If you’re sick and tired of regular grout getting dirty so quickly, cracking, and of course absorbing water that may cause mold or mildew, make sure you try the Epoxy Bond Grout.

2. Use a multi-purpose tile adhesive like this one that you can get on Amazon.

Something like this also works wonders but may take a bit more effort to spread than regular grout.

If you aren’t doing the tiling by yourself, just make sure to find out from your installer which type of grout he’ll use and whether it includes an additive that would make the grout resistant to stain or moisture.

3. Tint your grout close to the color of your tile, or buy pre-tinted/colored grout, which will make it less obvious to spot when your grout is soiled. As they say: out of sight, out of mind.

4. Use bigger tiles! Bigger tiles equal fewer grout lines to seal.

5. The most obvious of all is to do the groundwork properly to avoid all problems. Waterproof properly, lay your tiles properly (or pay to do it if you can’t manage the job), and pay attention to what you use to clean and maintain your tiles.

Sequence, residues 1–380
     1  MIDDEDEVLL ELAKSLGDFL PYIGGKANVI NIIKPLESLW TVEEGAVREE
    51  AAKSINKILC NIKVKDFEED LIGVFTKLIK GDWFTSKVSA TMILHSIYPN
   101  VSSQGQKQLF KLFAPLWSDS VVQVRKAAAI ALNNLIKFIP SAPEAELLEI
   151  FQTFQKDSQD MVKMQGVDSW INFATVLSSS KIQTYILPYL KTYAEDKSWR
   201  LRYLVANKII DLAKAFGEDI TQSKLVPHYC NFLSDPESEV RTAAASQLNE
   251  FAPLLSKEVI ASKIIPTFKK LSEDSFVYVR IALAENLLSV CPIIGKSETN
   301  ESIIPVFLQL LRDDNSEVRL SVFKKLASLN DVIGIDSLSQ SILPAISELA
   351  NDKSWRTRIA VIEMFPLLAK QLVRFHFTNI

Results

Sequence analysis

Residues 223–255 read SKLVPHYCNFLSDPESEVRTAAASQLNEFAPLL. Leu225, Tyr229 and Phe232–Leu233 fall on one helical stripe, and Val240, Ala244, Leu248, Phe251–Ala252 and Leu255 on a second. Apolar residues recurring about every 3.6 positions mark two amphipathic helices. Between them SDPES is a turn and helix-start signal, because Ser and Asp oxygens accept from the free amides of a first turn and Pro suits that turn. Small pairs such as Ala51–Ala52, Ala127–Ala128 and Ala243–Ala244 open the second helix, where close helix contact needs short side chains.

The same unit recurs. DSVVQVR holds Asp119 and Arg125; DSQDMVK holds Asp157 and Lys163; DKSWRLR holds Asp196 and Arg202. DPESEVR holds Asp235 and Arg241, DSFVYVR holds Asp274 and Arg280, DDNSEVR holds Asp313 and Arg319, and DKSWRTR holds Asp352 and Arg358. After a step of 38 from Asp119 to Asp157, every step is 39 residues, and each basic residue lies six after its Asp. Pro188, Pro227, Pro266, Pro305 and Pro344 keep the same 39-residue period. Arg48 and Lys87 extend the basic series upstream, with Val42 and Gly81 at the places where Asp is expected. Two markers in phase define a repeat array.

Cleaning agents with harsh chemicals (yes, vinegar, too!) can do more harm than good most of the time.


EndNote: Final Thoughts On The Importance Of Sealing Tile Grout


Is it really necessary to seal grout? For cementitious and other porous grouts; yes!


Why does grout need to be sealed? Most grouts, especially cement-based grouts are porous and need to be sealed so as to reduce or prevent water absorption or stains; which have potentially damaging effects if left untreated. Let’s be clear, grout sealers are not stainproof or waterproof.


What does grout sealer do? It protects your grout from stains (which will cause discoloration) and prevents moisture from permeating your tiles and grouts.


Is it hard to seal grout by yourself? No. It’s a simple process that anyone can do (even a complete novice!). It does take some time and a bit of elbow grease though; the smaller the tiles the longer it takes as there are more grout lines.